Employment law on a budget

In the current economic climate many companies and organisations are understandably reluctant to instruct lawyers, as the hourly billing system means that costs can quickly spiral out of control.


This places an added burden on HR departments, which are more likely to be managing complex redundancy processes – which may be subject to the collective consultation rules – and dealing with other HR challenges.


HR professionals may have an increased need to seek legal advice, but in a cost-sensitive environment they are often unable to do so through fear of being criticised by management for incurring unexpected legal costs.


The traditional system of appointing lawyers on an hourly basis may be the best-known option, but the alternative of paying a fixed yearly charge – usually for a helpline and attached insurance policy covering awards, settlements and legal fees – has been offered by business service companies for some time.


However, the contracts for these services can often be excessive, with tales of companies having to commit forup to five years, and can be difficult to get out of when business needs change dramatically. The person on the other end of the phone is often not a qualified, practicing employment lawyer. Helplines can be staffed by juniors with little experience of workplace and employee relations, who have obtained their limited know-how from textbooks.


As every HR professional knows, the skill is to apply the requirements of employment law in a way which respects and addresses the workplace environment, and in particular employee relations. The worst–case scenario is that HR has to pay again for advice, usually from a lawyer on an expensive hourly rate.


However, some employment lawyers have restructured their pricing strategies to provide clients with the means of obtaining legal advice from solicitors through a fixed-cost package.


This allows HR departments to budget for a 12-month period, and potentially cover their entire costs for legal support in relation to employment matters for the year, irrespective of what arises in terms of employee issues and employment tribunal litigation.


This is a potentially hefty saving, given that a tribunal case can cost upwards of £20,000 in legal costs to defend, excluding any advice taken in the run-up to a dismissal.


This arrangement enables HR professionals to build up a relationship with an individual solicitor who understands that organisation and culture. Where an organisation employs HR professionals, any relationships with legal advisers should aim to enhance the HR team and work in tandem with it. The key is for HR to work with the provider to find a solution, as opposed to expecting a line of action to be dictated to them.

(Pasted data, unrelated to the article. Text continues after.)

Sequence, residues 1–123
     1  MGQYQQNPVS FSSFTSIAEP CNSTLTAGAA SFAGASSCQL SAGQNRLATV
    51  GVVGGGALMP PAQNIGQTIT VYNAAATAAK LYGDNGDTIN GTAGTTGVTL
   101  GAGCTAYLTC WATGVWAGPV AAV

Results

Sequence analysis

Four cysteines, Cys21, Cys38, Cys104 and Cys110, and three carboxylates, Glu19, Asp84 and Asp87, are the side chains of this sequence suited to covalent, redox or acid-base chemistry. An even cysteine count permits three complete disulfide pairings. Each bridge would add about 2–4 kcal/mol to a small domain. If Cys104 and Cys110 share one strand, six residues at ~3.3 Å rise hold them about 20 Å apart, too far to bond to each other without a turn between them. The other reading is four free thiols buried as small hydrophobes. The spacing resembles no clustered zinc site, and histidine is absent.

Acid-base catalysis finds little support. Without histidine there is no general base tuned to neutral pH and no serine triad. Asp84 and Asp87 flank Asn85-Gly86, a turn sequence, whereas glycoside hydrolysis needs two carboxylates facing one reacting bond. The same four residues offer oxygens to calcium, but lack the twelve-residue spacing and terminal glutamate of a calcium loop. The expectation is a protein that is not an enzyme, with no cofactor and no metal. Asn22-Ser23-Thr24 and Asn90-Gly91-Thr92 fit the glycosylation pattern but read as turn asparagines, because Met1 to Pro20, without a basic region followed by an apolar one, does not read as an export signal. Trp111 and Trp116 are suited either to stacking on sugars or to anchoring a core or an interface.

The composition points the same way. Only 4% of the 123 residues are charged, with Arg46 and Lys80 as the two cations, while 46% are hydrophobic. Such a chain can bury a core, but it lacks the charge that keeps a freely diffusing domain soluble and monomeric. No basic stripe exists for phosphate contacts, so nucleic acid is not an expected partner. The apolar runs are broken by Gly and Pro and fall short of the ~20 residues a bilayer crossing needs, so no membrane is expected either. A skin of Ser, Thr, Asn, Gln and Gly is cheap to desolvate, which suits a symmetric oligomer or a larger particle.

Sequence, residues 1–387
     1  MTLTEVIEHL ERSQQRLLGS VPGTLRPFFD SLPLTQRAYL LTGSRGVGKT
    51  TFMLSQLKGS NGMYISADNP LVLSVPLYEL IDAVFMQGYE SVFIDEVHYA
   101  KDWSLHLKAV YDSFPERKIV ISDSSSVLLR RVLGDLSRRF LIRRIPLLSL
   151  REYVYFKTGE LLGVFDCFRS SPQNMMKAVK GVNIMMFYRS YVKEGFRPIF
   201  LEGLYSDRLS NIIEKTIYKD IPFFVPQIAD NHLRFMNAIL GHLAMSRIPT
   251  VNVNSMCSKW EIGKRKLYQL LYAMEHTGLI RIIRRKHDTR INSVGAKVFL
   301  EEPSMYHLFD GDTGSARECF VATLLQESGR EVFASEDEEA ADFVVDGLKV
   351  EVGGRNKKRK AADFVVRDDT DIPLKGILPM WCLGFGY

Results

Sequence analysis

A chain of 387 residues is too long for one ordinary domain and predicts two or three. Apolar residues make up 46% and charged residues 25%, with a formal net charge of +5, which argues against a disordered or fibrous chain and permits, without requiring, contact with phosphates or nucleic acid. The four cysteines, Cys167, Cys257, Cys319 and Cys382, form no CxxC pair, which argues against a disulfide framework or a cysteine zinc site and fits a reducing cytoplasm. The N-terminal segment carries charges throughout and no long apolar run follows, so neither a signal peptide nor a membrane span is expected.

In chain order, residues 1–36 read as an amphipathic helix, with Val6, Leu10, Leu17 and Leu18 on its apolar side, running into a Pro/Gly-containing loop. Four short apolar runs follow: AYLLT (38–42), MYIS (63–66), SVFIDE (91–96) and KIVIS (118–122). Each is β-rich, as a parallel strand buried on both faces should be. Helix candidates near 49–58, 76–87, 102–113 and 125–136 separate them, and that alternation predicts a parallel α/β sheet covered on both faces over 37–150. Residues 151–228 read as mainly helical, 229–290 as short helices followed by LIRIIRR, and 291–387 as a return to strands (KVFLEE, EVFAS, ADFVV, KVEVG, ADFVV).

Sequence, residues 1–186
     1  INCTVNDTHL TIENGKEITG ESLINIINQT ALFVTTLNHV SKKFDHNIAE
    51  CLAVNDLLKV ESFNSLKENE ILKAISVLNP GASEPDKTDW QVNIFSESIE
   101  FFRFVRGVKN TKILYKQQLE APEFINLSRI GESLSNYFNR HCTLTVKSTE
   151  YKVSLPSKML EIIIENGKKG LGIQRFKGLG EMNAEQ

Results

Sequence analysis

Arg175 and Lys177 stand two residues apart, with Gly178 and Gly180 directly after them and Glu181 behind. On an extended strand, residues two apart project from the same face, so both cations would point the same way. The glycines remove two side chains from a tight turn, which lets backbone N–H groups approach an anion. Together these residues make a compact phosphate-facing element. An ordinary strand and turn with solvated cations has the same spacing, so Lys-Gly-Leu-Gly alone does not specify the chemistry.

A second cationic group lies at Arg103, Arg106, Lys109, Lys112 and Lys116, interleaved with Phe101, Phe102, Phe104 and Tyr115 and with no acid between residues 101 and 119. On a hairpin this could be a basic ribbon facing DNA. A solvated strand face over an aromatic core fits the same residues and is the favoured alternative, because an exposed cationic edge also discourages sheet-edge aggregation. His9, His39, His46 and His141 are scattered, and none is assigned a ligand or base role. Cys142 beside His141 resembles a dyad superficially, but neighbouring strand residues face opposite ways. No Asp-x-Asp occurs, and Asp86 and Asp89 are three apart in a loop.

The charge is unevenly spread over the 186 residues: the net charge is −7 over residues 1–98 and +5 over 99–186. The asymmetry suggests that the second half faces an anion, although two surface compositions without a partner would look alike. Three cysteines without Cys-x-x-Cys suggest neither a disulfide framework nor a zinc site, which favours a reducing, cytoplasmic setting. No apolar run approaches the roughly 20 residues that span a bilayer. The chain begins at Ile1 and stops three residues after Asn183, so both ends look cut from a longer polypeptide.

Those who instruct solicitors on the traditional time basis would have to adjust financial budgets in response to any specific employment-related matter that arises during the year, such as a dispute with an employee or a redundancy process.


Budgets are tight, and having to cover the unexpected cost of legal advice and litigation could be financially devastating for an organisation. Not only do we live in increasingly litigious times, but this is compounded by many organisations having to make savings through redundancies, which increases the risk of employment tribunal litigation.


If a dispute arises, those on a scheme provided by practicing lawyers can take a much more robust approach, defending vexatious or spurious claims rather than being forced to settle such claims to avoid ongoing legal costs.


Those who use lawyers on a time basis will be forced to make a commercial decision in the event of a tribunal claim when considering the cost outlay of legal fees which are not recoverable even if the employer wins.


Faced with these potential legal costs, organisations are often forced to offer some form of settlement even if they fervently disagree with the basis of the employee’s claims. Not only can this affect the culture of the organisation, where the employer becomes known for ‘paying out’, but it can negatively affect morale both within the HR team, which has had to deal with a difficult employee dispute only to see it settled, and in the wider workforce, which may have also been implicated by an individual employee’s allegation and feel embittered by any resulting settlement.


Having protection for legal fees and a reliable cost-effective advice line should free the organisation to make decisions which are not solely cost-based but also take into account the implications of any settlement made.


It is an explicit part of the personal development plan of every HR professional to keep up to date with changing statute and case law through reading and attending regular update seminars. However, the reality is that most HR professionals will have too broad a remit to keep up with the most complex issues in case law. Specialist lawyers can offer the necessary depth and breadth of experience to provide expert guidance and opinion when those difficult matters arise.


Case study – Broadway Housing


Helen Giles, HR director at Broadway Housing, says: “At Broadway we provide HR services to other charities through our Real People consultancy, so we know that a large number of organisations who use lawyers do so on a pay-as-you go basis because they were recommended somewhere down the line historically. There is also the sense of ‘better the devil you know’, and a reluctance to shop around.


“We now use SA Law’s Employer Protection Scheme, much to our satisfaction. It allows us to budget ahead, and we are guaranteed hands-on advice from practising solicitors. We also know that the solution will take into account the realities of the workplace. In the current climate I also think it is worth shopping around and looking outside the comfort zone of the central London law firms.”

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